Movie Review: “Wrong Turn” leads to terror and torture porn on the Appalachian Trail

As far as “fears” go, I typically prefer mysterious and unknown peril to frights shoved in my face, explained, back-storied and underlined.

But that’s not how the “Wrong Turn” movies work. For twenty years these films have gotten good looking actresses and actors lost in America and the world’s fast-disappearing wild places, menaced by whatever primitives live there and the “rules” of this perilous hidden world.

While there might be a half-decent thriller buried under the point-by-point details-and-endless explanations of this reboot of the franchise, it’s as lost as the “yuppies” who take a detour off the Appalachian Trail in “Bum-F-Virginia” in its story.

Matthew Modine plays a concerned father whose pretty, over-educated barista daughter has gone missing.

Visiting backwater Wrenwood, Va., “the last place she texted from,” gets a “probably sunning herself down in Key West” from the sheriff, a few words of caution from one local and the “We don’t like strangers asking questions” treatment from some others.

Rather than have this concerned, out-of-his-depth city Dad pick up hints, clues and injuries as he unravels, in growing panic, his way to learning The Awful Truth, screenwriter Alan P. McElroy does what he usually does. He shows us their fate in a long, detailed flashback.

Why build the movie around the best actor you cast when there are six hotties heading into the woods, joshing about “Bum-f— Virginia,” insulting the locals, drawing the wrong kind of “Deliverance” attention, starting their hike and taking that “quick side trip” to see something special, just off the trail?

Charlotte Vega plays Jen, the missing daughter with the degrees in art and dance and a life “serving coffee,” Adain Bradley plays her boyfriend, Emma Dumont the doctor in their group, Dylan McTee resident douche-bro and Vardaan Arora and Adrian Favela as the Gay Couple of Color holding hands as they trek through Appalachia.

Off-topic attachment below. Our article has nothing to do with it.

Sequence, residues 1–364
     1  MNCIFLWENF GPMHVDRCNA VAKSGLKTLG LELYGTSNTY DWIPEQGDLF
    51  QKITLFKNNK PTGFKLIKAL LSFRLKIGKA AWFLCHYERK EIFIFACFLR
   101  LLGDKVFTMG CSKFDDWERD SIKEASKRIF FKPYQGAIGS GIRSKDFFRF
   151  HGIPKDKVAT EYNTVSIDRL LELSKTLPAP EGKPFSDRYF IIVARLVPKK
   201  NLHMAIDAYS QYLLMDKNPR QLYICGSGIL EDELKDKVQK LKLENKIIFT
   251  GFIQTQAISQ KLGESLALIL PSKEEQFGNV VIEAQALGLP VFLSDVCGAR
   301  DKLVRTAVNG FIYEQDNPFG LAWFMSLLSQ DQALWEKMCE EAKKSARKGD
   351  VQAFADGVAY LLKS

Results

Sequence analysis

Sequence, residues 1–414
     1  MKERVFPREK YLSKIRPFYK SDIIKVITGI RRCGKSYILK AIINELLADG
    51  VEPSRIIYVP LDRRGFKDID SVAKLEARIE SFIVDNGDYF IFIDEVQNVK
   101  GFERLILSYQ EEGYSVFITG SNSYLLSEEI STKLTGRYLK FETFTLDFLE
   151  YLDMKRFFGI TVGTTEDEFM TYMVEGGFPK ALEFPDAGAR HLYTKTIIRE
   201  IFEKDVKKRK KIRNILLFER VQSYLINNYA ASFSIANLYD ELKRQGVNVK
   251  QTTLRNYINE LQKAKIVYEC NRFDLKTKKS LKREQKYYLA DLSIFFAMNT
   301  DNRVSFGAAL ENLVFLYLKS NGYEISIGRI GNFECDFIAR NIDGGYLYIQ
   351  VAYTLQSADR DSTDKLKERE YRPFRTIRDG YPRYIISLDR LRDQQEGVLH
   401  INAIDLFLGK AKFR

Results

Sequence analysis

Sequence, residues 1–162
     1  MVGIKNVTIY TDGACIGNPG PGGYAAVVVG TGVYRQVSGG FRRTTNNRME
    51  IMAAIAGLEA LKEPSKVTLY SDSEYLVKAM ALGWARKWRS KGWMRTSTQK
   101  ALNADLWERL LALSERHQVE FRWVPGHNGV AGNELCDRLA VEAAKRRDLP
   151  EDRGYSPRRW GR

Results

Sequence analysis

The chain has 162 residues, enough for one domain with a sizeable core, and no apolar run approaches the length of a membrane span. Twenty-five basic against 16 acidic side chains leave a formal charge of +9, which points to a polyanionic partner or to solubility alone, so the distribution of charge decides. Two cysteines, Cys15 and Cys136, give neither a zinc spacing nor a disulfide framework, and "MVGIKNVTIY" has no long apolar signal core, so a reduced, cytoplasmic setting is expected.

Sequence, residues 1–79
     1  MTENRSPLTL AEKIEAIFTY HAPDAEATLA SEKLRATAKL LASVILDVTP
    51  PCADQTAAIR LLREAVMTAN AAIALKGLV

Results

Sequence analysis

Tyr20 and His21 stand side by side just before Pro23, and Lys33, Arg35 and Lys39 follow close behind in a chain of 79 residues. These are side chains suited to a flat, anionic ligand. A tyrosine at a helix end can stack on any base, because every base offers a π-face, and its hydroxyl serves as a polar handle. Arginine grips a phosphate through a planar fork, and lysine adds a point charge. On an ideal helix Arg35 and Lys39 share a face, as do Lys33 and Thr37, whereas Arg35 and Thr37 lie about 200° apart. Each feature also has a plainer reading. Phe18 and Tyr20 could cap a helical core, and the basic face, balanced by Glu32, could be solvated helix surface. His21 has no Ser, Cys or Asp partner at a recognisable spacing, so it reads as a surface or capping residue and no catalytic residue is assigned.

What could go wrong? Aside from threats in the honky tonk, the stalker eyeballing their SUV, the woodland snares and traps, pitching their tents at night and waking up in a graveyard, losing all their phones and then getting picked off one by one?

These movies live or die by their creative killings, but most of the ones here are of the routine murderous booby-trap variety. Think “Vietnam” and “bear pits.”

There’s panic and torture, friends letting friends down and awful choices. And eventually, Dad shows up again and commences to hunt for answers.

As with far too many thrillers, the more explaining of every mysterious thing there is, the less interesting the story becomes. The actors are expected to freak out at their growing peril, and kind of manage that, although their characters are awfully quick to “forget” the fallen and focus on self-preservation and as they repeat their mantra — “We need to get the F off this mountain!”

The script’s sops to political correctness, to not stereotyping or judging strangers, makes for some maddening moments of the “We started this, but you hurt one of our’n, so it’s YOUR fault” reasoning. Mitch McConnell’s people?

I didn’t hate it, but didn’t get much out of it and found it boring. Still, fans of kidnapping, impaling, hot-poker-in-the-eye cinema may take to it as their cinematic happy place.

MPA Rating: R for strong bloody violence, grisly images and pervasive language 

Cast: Charlotte Vega, Adain Bradley, Emma Dumont, Dylan McTee, Vardaan Arora, Adrian Favela and Matthew Modine.

Credits: Directed by Mike P. Nelson, script by Alan P. McElroy, based on his seven-film franchise. Saban Films release.

Running time: 1:49

About Roger Moore

Movie Critic, formerly with McClatchy-Tribune News Service, Orlando Sentinel, published in Spin Magazine, The World and now published here, Orlando Magazine, Autoweek Magazine
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